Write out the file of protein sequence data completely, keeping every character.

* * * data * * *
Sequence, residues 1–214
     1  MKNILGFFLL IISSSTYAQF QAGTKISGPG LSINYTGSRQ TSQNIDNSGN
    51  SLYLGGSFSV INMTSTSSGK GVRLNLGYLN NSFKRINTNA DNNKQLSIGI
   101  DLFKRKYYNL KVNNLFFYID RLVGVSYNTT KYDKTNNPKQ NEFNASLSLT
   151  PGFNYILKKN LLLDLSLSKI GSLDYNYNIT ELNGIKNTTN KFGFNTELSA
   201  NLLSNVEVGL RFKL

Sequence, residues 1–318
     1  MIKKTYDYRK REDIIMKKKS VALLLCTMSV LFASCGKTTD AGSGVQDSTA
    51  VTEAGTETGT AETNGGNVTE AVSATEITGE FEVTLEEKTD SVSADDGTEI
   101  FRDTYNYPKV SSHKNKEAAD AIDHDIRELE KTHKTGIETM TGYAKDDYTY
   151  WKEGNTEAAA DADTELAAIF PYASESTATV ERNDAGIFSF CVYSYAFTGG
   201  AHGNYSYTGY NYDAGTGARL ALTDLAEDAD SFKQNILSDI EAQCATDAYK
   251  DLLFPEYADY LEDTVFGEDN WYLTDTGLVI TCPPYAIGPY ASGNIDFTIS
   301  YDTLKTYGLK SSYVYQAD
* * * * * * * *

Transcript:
Sequence, residues 1–214
     1  MKNILGFFLL IISSSTYAQF QAGTKISGPG LSINYTGSRQ TSQNIDNSGN
    51  SLYLGGSFSV INMTSTSSGK GVRLNLGYLN NSFKRINTNA DNNKQLSIGI
   101  DLFKRKYYNL KVNNLFFYID RLVGVSYNTT KYDKTNNPKQ NEFNASLSLT
   151  PGFNYILKKN LLLDLSLSKI GSLDYNYNIT ELNGIKNTTN KFGFNTELSA
   201  NLLSNVEVGL RFKL

Sequence, residues 1–318
     1  MIKKTYDYRK REDIIMKKKS VALLLCTMSV LFASCGKTTD AGSGVQDSTA
    51  VTEAGTETGT AETNGGNVTE AVSATEITGE FEVTLEEKTD SVSADDGTEI
   101  FRDTYNYPKV SSHKNKEAAD AIDHDIRELE KTHKTGIETM TGYAKDDYTY
   151  WKEGNTEAAA DADTELAAIF PYASESTATV ERNDAGIFSF CVYSYAFTGG
   201  AHGNYSYTGY NYDAGTGARL ALTDLAEDAD SFKQNILSDI EAQCATDAYK
   251  DLLFPEYADY LEDTVFGEDN WYLTDTGLVI TCPPYAIGPY ASGNIDFTIS
   301  YDTLKTYGLK SSYVYQAD